Mental Health Simulation With Student Nurses: A Qualitative Review

Louise Alexander, Jade Sheen, Nicole Rinehart, Margaret Hay, Leanne Boyd

Research output: Contribution to journalReview ArticleResearchpeer-review

28 Citations (Scopus)


Background Research indicates that nursing undergraduates demonstrate negative attitudes towards persons with a mental health condition, and mental health simulation may be a possible solution to this. Method This study comprises a thematic analysis of semistructured focus groups, exploring undergraduate Bachelor of Nursing students’ experiences resulting from a simulation with a simulated patient. Results Participants overwhelmingly noted the educational benefits of simulation for understanding mental health concepts, closing the practice-theory gap and reducing placement anxiety. Also of note was benefits of vicarious learning in simulation and the realistic representation of mental health conditions. Conclusions This study has demonstrated that simulation with a simulated patient is beneficial in reducing mental health placement anxiety and confronting stigmatising attitudes. Importantly, mental health simulation has also demonstrated educational benefits beyond vicarious learning, to include provision of theoretical concepts, with practical application.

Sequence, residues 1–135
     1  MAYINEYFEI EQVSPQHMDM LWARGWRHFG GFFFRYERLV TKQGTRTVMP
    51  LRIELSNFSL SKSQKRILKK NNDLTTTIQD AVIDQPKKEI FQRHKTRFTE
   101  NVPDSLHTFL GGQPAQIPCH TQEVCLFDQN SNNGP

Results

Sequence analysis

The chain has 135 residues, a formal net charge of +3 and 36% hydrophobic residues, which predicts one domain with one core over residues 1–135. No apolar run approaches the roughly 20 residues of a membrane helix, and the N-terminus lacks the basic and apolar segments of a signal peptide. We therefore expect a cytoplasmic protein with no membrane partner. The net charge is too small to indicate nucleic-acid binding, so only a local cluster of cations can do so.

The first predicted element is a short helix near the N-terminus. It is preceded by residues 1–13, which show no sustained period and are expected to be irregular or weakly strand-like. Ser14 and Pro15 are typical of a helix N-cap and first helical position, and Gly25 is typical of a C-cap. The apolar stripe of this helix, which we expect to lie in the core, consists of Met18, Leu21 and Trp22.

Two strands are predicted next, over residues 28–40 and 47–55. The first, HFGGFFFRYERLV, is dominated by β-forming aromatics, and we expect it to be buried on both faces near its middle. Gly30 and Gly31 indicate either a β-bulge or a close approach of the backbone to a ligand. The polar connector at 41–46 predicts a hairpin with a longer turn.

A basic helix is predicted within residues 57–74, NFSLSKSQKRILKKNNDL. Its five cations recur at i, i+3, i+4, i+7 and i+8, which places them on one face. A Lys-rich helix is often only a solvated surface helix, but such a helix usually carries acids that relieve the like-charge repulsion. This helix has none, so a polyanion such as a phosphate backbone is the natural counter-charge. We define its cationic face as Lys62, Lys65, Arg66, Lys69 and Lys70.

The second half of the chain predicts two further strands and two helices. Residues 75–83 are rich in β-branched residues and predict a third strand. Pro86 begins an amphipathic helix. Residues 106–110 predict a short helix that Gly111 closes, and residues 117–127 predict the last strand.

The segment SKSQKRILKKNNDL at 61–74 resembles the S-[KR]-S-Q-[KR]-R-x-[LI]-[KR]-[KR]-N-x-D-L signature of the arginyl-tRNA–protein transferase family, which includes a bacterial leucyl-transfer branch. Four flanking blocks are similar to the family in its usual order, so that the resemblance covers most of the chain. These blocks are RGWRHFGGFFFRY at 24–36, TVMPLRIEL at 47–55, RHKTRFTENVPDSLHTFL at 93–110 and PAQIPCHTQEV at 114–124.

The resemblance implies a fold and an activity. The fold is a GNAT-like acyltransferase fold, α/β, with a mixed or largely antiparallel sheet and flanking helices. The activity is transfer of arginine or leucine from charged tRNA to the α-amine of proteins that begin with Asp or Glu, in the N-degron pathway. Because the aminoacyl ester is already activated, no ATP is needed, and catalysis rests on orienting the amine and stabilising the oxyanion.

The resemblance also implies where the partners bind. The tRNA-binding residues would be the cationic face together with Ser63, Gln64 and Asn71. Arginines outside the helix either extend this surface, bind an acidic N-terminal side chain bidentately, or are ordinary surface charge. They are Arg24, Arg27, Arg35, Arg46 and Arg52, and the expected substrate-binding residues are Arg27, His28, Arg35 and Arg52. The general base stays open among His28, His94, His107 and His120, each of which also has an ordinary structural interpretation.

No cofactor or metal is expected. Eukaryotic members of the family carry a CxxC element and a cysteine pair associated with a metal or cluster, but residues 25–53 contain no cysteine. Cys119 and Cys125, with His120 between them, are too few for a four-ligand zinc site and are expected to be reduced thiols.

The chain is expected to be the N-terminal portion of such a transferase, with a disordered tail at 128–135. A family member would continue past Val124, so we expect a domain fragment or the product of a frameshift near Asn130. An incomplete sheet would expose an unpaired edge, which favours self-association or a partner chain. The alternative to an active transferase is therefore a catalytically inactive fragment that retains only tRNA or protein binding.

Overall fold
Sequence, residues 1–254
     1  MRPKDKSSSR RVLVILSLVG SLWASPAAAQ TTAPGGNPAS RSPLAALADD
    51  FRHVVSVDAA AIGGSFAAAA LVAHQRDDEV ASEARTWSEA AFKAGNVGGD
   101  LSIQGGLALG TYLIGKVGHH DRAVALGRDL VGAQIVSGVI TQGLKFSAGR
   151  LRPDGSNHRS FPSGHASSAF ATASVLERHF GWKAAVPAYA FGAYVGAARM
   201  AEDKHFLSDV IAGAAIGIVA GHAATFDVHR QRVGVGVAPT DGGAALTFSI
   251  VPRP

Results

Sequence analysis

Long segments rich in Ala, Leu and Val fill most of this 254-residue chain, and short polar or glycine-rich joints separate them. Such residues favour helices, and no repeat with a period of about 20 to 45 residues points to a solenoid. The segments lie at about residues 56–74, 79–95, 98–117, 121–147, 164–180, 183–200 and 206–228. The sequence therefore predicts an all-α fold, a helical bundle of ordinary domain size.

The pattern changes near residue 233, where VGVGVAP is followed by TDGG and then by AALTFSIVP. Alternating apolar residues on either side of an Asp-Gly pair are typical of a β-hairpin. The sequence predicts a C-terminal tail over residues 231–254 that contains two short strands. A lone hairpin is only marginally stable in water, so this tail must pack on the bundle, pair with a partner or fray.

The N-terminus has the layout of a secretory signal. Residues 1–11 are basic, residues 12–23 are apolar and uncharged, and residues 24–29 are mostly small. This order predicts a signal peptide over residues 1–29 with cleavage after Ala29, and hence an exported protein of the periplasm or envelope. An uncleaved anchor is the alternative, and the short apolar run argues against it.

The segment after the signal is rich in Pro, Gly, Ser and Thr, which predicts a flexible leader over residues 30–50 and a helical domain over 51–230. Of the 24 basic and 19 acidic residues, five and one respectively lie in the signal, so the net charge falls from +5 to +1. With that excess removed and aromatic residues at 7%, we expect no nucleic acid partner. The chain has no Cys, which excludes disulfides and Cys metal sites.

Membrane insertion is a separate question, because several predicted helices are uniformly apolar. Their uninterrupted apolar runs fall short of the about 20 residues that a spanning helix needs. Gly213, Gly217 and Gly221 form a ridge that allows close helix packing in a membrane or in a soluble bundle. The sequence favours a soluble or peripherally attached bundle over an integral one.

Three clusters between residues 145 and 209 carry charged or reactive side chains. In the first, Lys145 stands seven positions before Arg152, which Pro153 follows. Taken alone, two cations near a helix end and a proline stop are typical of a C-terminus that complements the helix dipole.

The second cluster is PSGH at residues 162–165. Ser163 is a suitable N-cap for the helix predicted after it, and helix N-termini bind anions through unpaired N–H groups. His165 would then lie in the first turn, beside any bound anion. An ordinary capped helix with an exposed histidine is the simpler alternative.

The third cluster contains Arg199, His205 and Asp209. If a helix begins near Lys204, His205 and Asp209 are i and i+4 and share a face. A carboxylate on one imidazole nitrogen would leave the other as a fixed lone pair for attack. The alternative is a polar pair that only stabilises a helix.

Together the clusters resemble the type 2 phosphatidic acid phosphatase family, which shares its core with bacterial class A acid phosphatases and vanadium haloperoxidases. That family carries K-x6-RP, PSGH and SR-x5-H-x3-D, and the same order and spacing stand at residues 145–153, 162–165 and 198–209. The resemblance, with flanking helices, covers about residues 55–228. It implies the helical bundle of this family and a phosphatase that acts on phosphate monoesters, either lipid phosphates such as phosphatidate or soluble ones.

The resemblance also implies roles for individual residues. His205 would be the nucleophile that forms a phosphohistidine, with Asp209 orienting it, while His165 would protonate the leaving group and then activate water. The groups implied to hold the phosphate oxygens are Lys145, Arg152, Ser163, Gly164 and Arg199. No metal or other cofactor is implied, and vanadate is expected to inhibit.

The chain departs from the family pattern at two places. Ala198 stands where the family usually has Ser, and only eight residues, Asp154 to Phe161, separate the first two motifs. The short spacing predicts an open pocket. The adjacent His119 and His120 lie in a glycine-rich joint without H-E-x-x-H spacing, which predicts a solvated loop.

Original languageEnglish
Pages (from-to)8-14
Number of pages7
JournalClinical Simulation in Nursing
Publication statusPublished - 1 Jan 2018


  • mental illness
  • nursing
  • simulation
  • stigma
  • theory-to-practice gap

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